Talking book gives new voice to Indigenous languages

Talking book gives new voice to Indigenous languages
Cassandra Algy demonstrates using QR codes to hear audio of the Gurindji text in the Kawarla book.

As many Indigenous languages lose their speakers, a researcher from The University of Queensland has developed a unique audio book to keep the words alive for generations to come.

Kawarla: How to Make a Coolamon is the result of extensive language documentation work conducted in the Gurindji community in the Northern Territory.

Dr Felicity Meakins, from UQ's School of Languages and Cultures, worked with Gurindji elders Biddy Wavehill and Violet Wadrill to create the book.

"The audio is linked to the book's text through QR codes, which can be played through , allowing the reader to hear the words as they were spoken," Dr Meakins said.

"It means that Gurindji elders will continue to be heard long after they pass away, and younger generations will still have access to their knowledge.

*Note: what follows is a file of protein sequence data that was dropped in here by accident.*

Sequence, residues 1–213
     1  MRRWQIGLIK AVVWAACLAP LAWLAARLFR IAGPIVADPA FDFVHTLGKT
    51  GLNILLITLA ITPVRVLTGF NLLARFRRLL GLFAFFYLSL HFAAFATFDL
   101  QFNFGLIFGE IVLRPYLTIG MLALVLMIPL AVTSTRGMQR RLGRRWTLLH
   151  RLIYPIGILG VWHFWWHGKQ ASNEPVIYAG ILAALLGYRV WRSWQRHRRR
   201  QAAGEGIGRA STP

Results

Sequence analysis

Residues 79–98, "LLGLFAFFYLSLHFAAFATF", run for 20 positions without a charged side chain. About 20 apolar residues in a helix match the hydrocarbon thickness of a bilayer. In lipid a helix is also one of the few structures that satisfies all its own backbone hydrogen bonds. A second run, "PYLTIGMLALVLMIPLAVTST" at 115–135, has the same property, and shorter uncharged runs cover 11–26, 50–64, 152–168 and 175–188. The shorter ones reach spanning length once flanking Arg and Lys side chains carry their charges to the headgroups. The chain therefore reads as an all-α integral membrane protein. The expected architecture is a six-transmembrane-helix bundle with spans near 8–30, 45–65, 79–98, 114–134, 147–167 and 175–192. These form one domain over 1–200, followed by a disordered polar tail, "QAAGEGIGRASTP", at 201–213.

"Most Indigenous languages were traditionally only spoken, not written, which means developing a book like this will bring new life and longevity to the language, history and culture of the Gurindji people."

The Gurindji people are from the Northern Territory's Victoria River District, about 900 kilometres south-west of Darwin.

Dr Meakins' work as a linguist focuses on the documentation of Australian Indigenous languages in the area and the effect of English on them.

"Across Australia, just 40 of the original 250 Indigenous languages once spoken remain," she said.

Talking book gives new voice to Indigenous languages
The Kawarla book team: (L-R) Felicity Meakins (linguist), Penny Smith (photographer), Violet Wadrill, Biddy and Jimmy Wavehill (Gurindji language experts, painters and coolamon makers).

Dr Meakins said she hoped this work could help preserve the Gurindji language and perspective.

"After all, it's our history on the line – and it's through language that we communicate it," she said.

Kawarla: How to Make a Coolamon will be published this month by Batchelor Press.


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Citation: Talking book gives new voice to Indigenous languages (2015, June 19) retrieved 17 September 2019 from https://phys.org/news/2015-06-voice-indigenous-languages.html
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